Russian judges are considering punishing journalists and media outlets for “biased coverage” of the national court system, the Vedomosti business daily reported Thursday, a move that observers say would harm free speech in the country.
The Russian judicial system’s 2020-2030 draft information policy obtained by Vedomosti aims to penalize the publication of “negative materials” about the court’s activities.
“The ‘scandalization of justice’ — the manipulation of public opinion toward the judiciary, belittling its authority, indiscriminate and unfounded criticism that undermines public confidence in the process of justice — has gained special urgency,” it reportedly said.
The draft seeks to “suppress abuse by individual members of the media” as part of calls for “an effective protective mechanism against discrediting the judiciary in the media,” Vedomosti reported. The concept reportedly wants a new legal act that introduces special rules on media coverage of the courts, the publication reported.
The proposal follows guilty verdicts handed down to participants and bystanders during mass anti-government protests in Moscow this summer. Critics called the verdicts unjust, and some of the judges reportedly received threats afterward.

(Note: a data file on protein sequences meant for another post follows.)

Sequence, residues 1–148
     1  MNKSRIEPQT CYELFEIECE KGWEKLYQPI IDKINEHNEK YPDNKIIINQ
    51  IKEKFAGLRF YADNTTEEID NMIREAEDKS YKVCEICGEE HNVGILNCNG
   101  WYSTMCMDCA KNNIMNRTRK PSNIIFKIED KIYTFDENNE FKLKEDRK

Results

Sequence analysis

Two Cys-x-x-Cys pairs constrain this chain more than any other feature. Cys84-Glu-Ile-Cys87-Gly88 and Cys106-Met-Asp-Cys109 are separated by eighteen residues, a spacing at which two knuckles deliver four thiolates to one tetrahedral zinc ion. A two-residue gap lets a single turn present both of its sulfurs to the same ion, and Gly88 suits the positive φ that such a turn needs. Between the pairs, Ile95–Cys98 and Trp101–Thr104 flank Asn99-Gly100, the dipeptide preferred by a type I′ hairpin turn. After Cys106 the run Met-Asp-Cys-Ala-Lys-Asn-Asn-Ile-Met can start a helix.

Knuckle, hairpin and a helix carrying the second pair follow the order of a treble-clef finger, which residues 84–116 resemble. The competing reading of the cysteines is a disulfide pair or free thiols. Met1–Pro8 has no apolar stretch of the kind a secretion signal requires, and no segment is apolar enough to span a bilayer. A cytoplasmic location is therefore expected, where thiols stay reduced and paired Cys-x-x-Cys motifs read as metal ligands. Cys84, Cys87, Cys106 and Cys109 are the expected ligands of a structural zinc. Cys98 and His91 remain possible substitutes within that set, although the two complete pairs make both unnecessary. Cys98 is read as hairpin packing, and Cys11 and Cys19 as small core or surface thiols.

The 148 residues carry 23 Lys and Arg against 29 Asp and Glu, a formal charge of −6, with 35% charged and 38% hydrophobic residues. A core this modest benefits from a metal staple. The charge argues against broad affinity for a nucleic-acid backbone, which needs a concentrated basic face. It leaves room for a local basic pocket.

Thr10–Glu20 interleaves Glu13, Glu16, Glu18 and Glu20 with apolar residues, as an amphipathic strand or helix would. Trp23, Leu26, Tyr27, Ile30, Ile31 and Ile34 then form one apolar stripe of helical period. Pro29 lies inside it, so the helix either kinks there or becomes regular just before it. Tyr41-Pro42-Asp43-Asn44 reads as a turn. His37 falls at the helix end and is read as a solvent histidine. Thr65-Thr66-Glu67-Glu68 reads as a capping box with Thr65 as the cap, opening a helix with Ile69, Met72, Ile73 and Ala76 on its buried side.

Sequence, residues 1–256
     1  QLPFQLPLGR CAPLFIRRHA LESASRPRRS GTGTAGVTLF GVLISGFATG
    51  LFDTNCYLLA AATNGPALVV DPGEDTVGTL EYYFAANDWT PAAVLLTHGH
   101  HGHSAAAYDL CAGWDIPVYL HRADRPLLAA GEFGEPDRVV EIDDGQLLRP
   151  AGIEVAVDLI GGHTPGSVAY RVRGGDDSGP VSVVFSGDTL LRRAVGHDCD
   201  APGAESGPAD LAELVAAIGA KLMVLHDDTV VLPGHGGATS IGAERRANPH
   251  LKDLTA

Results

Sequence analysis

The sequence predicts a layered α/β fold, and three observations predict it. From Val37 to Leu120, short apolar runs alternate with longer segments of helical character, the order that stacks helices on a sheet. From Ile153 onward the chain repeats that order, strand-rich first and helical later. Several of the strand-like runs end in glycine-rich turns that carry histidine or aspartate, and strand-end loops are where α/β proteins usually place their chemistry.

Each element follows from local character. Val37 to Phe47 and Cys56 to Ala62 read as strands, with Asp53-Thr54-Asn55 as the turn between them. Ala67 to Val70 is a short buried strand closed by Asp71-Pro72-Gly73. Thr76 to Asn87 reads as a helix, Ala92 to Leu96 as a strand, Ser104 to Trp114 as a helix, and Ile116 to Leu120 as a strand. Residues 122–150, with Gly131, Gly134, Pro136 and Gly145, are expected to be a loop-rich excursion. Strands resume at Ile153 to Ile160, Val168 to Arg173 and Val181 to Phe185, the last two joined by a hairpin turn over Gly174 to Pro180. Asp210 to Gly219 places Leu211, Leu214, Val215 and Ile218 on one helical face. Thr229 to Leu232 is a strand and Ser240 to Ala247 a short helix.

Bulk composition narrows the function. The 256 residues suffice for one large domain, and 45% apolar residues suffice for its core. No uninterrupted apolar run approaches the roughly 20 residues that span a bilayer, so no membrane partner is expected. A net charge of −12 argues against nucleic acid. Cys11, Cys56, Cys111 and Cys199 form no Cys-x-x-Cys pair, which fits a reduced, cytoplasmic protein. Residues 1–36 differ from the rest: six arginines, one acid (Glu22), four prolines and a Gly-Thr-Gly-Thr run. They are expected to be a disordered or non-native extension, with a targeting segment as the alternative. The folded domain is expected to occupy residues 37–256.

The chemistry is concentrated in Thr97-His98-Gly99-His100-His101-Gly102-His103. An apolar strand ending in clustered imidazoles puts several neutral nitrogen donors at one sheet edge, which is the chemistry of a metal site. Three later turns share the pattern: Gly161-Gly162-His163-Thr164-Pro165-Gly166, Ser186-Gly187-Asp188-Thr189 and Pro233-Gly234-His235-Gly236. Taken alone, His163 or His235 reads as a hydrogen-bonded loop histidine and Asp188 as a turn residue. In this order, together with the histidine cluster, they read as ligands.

The 2020-2030 draft’s overall goal is to improve the Russian judiciary’s image, increasing trust and easing access to information, in addition to stamping down on what it sees as subjective media coverage, according to Vedomosti.
Leonid Nikitinsky, a member of Russia’s presidential human rights council, linked the public’s trust in the courts to the government’s overall legitimacy.
“There’s no justice in court, and that’s it. No PR can fix that,” Nikitinsky told Vedomosti.
The Russian Union of Journalists said the proposed penalties threaten free speech and freedom of information.
“In essence, this is an attempt to introduce institutional censorship, and censorship is prohibited by the Constitution,” chairman Vladimir Solovyov said.
“Sometimes even judges need to be reminded of that,” he wrote in an online statement.
The report also comes days after President Vladimir Putin signed a new law that will allow individual journalists and bloggers to be labeled “foreign agents” if they receive money from abroad or distribute foreign media online. Critics say the law, which comes into force on Feb. 1, will tighten curbs on the media and free speech.
UPDATE: The final draft of the information policy proposal does not mention penalties for negative media coverage of the Russian judicial system, Supreme Court justice Viktor Momotov told Interfax.
These suggestions had been part of a working draft and will not be included in the final policy proposal because the text wasn’t agreed upon by all of the authors, Momotov added.